Although they all mean the same (i.e, "walking back and forth"), I prefer 彷徨 over other variants listed above. The radical彳 "small steps" (小步也), which is often associated with words related to "walking" (e.g., 行, 往), is very fitting here, and so we have either 彷徨 or 徬徨. I don't like 徬 because it means "walking alongside" (附行也), unable to capture the nuance of "back and forth". 彷徨, on the other hand, is the name for a two-headed snake-like creature (狀如蛇，兩頭, 《莊子·達生篇》野有彷徨). One can easily imagine a two-headed snake walking back and forth in hesitation; one head wants to go this way, and the other wants a different way.仿偟, 彷徨, 徬徨, 傍偟, 旁皇, and 方皇.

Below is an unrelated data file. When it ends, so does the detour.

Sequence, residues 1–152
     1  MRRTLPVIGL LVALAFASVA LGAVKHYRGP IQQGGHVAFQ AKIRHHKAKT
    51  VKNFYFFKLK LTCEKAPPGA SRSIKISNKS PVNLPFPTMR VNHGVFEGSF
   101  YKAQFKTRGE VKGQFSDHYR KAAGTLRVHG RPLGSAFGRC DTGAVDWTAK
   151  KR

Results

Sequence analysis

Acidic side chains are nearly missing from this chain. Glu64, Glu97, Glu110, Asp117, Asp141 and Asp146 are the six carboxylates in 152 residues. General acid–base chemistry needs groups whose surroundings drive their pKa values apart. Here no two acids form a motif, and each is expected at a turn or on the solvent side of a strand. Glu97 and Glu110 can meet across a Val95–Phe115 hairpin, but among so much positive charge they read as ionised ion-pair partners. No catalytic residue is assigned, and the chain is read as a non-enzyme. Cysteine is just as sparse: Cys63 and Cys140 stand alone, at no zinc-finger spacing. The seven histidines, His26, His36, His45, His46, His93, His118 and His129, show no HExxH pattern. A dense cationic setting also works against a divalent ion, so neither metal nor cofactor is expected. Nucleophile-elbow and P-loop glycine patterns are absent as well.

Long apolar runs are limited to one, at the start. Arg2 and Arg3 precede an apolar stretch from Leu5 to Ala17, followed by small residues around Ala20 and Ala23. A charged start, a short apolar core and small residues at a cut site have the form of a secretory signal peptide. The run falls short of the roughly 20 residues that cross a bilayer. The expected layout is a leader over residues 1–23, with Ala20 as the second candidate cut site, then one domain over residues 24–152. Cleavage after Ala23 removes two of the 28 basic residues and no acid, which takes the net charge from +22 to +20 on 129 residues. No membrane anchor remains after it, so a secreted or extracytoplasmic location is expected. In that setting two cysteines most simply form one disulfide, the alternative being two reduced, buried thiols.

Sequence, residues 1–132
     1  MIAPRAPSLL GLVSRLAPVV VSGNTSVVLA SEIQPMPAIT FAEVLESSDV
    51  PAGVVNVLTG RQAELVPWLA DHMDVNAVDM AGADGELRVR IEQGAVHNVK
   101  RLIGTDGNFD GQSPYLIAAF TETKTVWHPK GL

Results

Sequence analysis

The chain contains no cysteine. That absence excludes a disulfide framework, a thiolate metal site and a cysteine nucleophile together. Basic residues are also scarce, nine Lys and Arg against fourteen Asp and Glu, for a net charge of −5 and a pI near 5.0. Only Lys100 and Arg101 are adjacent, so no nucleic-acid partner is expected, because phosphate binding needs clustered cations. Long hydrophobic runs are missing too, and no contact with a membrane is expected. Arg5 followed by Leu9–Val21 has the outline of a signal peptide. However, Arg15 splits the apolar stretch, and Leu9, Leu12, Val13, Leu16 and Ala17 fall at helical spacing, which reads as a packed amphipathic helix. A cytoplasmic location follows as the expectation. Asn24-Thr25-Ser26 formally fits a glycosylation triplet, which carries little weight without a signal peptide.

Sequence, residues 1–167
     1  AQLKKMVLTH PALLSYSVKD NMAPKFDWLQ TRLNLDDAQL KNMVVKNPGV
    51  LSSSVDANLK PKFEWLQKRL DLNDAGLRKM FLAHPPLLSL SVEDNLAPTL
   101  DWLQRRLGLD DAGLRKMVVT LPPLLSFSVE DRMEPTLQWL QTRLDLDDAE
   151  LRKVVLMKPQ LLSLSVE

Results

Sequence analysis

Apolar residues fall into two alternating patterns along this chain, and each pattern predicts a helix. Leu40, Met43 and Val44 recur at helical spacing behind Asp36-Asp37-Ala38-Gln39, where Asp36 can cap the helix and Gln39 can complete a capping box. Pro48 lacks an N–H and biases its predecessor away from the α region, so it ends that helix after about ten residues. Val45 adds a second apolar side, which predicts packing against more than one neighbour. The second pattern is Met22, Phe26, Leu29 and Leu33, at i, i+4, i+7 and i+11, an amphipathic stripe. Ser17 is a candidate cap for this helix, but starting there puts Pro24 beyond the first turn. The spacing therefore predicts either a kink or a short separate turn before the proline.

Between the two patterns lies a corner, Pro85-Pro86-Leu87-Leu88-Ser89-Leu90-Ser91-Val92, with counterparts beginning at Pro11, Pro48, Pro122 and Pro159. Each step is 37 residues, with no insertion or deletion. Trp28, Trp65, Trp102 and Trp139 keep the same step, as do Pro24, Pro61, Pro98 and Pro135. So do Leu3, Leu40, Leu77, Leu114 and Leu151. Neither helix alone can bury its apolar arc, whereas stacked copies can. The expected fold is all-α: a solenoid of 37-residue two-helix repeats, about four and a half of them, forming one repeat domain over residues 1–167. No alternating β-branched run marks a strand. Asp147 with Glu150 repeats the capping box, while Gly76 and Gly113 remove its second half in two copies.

How is it that this word's 彷 sounds like P instead of F? Wouldn't it be just like 傍偟？
The sound change occurred in ancient Greek (Φ), not in English. The English words were coined with Greek roots and were pronounced with a /f/ at the very beginning. On the other hand, what occurred in Chinese is a conditioned historical sound change.By the way, p sound in many English words has also changed to f sound, like phone, phonetics.
Are you sure it was pronounced this way from the very beginning when ancient English borrowed these words from ancient Greek? I am not sure, so I am open to any idea. I know many consonants and vowels in English have changed over time.The sound change occurred in ancient Greek (Φ), not in English. The English words were coined with Greek roots and were pronounced with a /f/ at the very beginning.